The Bush Economy
The Bush Administration culminated the Chicago School/Reaganomics era. How well did it work?
The past decade was the worst for the U.S. economy in modern times, a sharp reversal from a long period of prosperity that is leading economists and policymakers to fundamentally rethink the underpinnings of the nation's growth.
It was, according to a wide range of data, a lost decade for American workers. The decade began in a moment of triumphalism -- there was a current of thought among economists in 1999 that recessions were a thing of the past. By the end, there were two, bookends to a debt-driven expansion that was neither robust nor sustainable.
There has been zero net job creation since December 1999. No previous decade going back to the 1940s had job growth of less than 20 percent. Economic output rose at its slowest rate of any decade since the 1930s as well.
Adjusted for inflation, middle-income households made less at the end of the decade than at the beginning. Median incomes fell for the first time since records began to be kept, in the 1960s. Adjusted for inflation, the net worth of American households fell for the first time since records began to be kept in the 1950s.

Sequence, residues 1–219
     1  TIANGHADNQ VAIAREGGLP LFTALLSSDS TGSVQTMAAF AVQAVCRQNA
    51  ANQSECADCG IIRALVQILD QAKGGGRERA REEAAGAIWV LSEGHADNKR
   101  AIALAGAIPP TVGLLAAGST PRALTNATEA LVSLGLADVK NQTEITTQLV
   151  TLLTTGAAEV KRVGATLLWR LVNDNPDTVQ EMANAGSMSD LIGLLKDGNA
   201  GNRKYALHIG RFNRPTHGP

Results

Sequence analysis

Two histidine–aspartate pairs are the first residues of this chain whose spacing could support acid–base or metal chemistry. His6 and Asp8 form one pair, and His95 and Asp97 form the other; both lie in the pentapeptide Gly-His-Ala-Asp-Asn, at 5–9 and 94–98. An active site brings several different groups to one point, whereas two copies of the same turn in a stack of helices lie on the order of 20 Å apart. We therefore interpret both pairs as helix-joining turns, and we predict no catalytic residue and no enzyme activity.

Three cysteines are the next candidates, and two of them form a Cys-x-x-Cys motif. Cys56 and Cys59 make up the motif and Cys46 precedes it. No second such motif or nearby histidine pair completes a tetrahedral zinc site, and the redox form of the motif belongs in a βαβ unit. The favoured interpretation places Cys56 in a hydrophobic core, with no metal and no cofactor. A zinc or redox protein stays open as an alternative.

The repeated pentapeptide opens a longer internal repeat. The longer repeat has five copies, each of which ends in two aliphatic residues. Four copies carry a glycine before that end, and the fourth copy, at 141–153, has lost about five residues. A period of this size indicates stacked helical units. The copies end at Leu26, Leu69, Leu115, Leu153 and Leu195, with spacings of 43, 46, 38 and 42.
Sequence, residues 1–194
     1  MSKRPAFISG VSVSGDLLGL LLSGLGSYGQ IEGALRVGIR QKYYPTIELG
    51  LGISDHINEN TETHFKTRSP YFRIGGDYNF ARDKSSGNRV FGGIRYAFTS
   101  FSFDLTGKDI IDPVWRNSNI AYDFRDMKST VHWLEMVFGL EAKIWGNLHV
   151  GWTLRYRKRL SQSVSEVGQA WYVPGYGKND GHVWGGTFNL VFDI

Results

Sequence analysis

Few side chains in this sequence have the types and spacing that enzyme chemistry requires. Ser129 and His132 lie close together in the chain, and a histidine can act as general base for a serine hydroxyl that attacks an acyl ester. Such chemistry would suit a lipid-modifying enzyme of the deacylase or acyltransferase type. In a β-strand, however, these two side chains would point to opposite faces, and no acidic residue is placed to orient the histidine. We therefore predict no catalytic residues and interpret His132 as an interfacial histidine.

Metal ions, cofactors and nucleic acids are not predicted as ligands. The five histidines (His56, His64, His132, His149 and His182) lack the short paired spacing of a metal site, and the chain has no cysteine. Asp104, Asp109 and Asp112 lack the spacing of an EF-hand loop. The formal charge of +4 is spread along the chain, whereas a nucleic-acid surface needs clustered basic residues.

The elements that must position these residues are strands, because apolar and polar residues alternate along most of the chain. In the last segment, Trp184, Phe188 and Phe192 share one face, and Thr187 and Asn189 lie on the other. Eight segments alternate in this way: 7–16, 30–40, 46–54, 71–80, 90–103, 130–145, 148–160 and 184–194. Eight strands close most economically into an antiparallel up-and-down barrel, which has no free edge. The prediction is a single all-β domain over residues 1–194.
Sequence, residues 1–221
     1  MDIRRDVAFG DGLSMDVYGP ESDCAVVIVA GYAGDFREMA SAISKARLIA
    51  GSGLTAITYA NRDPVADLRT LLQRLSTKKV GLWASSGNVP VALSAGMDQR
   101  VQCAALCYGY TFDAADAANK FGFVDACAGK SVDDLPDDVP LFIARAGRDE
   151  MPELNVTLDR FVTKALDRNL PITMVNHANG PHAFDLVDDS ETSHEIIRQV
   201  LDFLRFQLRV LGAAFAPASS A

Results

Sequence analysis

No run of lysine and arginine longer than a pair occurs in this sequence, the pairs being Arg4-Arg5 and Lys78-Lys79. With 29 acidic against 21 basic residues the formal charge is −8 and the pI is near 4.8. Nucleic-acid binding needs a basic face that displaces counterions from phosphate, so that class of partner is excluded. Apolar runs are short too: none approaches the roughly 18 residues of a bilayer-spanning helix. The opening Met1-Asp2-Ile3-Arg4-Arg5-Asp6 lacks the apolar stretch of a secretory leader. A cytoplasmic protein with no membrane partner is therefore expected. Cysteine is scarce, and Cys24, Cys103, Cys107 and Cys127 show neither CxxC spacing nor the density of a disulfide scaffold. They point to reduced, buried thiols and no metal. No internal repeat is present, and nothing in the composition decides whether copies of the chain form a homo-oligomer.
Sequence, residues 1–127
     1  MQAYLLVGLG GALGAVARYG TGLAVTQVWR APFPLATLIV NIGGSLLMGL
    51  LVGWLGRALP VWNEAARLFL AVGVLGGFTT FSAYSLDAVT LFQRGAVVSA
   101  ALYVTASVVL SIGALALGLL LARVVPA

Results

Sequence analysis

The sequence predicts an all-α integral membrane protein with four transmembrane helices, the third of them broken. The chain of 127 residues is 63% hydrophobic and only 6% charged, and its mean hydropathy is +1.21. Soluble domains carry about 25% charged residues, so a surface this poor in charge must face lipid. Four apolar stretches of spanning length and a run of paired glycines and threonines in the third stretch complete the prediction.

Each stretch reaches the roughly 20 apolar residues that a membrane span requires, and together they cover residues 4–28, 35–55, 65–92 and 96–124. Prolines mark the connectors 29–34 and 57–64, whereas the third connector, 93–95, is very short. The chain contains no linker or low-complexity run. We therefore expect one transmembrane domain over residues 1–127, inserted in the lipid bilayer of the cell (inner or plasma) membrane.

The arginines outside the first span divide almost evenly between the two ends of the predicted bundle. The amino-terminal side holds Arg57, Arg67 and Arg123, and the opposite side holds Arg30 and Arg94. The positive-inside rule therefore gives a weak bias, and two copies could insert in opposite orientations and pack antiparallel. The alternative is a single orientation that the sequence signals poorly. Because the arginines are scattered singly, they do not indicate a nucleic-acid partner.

As House Minority Leader John Boehner- the man who will be Speaker, should the Republicans regain the majority, bext year- said in October of 2006:
Today's announcement by President Bush confirms that the pro-growth economic policies put in place by Republicans are working as planned to spur economic growth and reduce the deficit. Republicans are meeting our commitments to American taxpayers by exercising fiscal restraint and promoting economic policies that create more jobs, all efforts which have produced a strong economy that is working to drive down and eventually eliminate our deficit.
President Bush was right about the budget and Capitol Hill Democrats were wrong. Not only has the deficit been cut by half well ahead of schedule, but we've made significant progress despite the tactics of obstruction from Democrats who are forever seeking to raise taxes and spend more taxpayer money.
Sounds like the basis for a new Contract On America.
Of course, CNBC hack Lawrence Kudlow, who was one of the architects and chief cheerleaders of the Republican economic paradigm told us in 1999 that the Dow would reach 50,000 by 2020.
This election cycle will be, once again, all about the economy. The more the Democrats isolate themselves from Republican policies, the easier it is to highlight the need for a paradigmatic change from those policies. Of course, it would be easier to make such a case if we were promoting policies that make such a case.